Xenical, Alli Under Investigation for Liver Injury The Food & Drug Administration (FDA) is conducting a safety review of orlistat, the popular weight-loss drug sold over-the-counter as Alli, and in prescription form under the name Xenical. According to the agency, Xenical and Alli have been associated with more than 2 dozen reports of liver injuries.
Xenical, which is made by Roche, was approved in 1999. Alli, a lower-dose version of the drug that is made by GlaxoSmithKline, was approved for over-the-counter sales last year. Alli became enormously popular as soon as it hit stores, generating sales of $131 million in its first full year on the market.
weight loss remedies
Unlike other weight loss remedies, neither Alli nor Xenical work by suppressing the appetite or increasing metabolism. Instead, orlistat prevents the digestive system from absorbing dietary fat, thereby reducing daily calorie intake. Both Alli and Xenical are meant to be used in conjunction with a low-fat diet.
According to anFDA Early Communication issued today, between 1999 and October 2008, 32 reports of serious liver injury, including 6 cases of liver failure, in patients using a version of orlistat were submitted to the FDA’s Adverse Event Reporting System. The agency said 30 of the 32 reports occurred outside the United States. The most commonly reported adverse events described in the 32 reports of serious liver injury were jaundice (yellowing of the skin or whites of the eyes), weakness, and abdominal pain. Hospitalization was reported in 27 of the 32 cases.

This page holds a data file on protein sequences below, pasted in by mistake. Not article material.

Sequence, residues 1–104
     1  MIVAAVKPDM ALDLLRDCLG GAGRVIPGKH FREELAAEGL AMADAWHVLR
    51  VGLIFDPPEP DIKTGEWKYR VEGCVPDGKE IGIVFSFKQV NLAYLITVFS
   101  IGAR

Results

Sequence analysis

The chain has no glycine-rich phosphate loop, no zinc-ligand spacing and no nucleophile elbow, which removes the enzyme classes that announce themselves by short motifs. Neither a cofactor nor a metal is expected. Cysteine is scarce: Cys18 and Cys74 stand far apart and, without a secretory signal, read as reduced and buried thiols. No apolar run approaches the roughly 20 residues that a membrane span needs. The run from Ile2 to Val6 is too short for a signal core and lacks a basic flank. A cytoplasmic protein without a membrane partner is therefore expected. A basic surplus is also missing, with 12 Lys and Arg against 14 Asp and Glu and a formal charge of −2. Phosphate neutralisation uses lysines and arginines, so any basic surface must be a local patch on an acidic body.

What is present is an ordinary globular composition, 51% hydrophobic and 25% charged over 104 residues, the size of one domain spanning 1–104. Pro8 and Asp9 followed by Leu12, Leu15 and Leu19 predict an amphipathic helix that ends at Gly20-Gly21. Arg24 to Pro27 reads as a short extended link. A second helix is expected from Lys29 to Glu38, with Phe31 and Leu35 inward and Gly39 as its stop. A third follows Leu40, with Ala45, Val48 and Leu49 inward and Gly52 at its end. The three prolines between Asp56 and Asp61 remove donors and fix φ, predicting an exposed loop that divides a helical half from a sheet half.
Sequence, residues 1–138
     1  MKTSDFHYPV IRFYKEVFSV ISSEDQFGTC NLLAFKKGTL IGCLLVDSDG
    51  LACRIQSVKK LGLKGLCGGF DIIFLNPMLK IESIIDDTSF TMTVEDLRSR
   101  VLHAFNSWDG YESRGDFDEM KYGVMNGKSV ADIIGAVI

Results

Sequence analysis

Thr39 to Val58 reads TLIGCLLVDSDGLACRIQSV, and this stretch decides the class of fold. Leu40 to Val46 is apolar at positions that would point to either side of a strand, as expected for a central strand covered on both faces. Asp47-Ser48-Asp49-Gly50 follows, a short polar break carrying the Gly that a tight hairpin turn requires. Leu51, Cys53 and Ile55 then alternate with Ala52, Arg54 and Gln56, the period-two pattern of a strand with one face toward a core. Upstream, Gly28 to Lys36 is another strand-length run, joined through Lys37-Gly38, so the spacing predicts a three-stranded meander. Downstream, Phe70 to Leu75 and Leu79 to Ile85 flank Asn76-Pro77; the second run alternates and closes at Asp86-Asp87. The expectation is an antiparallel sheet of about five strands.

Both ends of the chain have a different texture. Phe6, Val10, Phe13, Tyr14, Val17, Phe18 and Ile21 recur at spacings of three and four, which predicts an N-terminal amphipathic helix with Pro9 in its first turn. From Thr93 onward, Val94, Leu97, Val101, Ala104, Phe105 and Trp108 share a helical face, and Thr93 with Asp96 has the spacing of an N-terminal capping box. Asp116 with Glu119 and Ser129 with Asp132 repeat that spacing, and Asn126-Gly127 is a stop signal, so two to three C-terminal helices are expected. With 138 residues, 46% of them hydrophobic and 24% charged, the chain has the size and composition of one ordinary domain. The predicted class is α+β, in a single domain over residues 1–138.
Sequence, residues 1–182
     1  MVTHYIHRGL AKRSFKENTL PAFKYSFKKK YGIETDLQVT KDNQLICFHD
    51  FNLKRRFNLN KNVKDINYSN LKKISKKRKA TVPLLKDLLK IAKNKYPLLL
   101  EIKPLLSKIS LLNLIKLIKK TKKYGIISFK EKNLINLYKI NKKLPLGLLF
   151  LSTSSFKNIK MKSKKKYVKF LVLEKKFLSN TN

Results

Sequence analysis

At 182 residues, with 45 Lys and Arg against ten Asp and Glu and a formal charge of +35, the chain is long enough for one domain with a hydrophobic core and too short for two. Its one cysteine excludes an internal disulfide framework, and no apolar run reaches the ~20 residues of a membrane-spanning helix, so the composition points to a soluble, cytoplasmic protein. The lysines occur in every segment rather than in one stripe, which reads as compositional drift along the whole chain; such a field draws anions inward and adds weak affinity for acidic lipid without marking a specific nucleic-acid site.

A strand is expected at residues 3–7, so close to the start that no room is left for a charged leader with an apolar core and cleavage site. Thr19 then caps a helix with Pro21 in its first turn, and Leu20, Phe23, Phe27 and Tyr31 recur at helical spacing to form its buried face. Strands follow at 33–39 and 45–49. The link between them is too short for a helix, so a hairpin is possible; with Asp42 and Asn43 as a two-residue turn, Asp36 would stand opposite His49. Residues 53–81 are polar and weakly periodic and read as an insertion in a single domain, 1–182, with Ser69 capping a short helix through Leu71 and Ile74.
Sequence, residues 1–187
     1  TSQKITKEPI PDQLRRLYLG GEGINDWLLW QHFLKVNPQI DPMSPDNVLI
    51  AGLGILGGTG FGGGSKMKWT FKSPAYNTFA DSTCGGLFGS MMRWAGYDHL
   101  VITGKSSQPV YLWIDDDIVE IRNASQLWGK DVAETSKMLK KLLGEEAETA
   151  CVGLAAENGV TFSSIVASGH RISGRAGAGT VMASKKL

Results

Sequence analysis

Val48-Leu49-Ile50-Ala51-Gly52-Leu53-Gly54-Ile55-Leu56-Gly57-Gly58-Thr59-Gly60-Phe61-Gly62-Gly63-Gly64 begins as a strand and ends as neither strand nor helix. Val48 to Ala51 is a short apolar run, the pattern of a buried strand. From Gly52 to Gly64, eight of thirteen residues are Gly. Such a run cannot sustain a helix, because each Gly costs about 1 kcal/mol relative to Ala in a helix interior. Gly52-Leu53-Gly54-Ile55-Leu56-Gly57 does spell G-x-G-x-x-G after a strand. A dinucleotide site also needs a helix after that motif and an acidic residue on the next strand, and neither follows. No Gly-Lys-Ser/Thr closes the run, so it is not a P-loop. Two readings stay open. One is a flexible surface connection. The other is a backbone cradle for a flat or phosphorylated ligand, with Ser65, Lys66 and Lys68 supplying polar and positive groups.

the safety review
Despite the safety review, the FDA is not advising healthcare professionals to change their prescribing practices with orlistat. The agency said consumers currently taking Xenical should continue to take it as prescribed and those using over-the-counter Alli should continue to use the product as directed. However, users of either drug should consult their health care professional if they are experiencing symptoms possibly associated with the use of orlistat and development of liver injury, particularly weakness or fatigue, fever, jaundice or brown urine. Other symptoms may include abdominal pain, nausea, vomiting, light-colored stools, itching, or loss of appetite.
The FDA said it will communicate its findings to the public as soon as its review of orlistat is complete.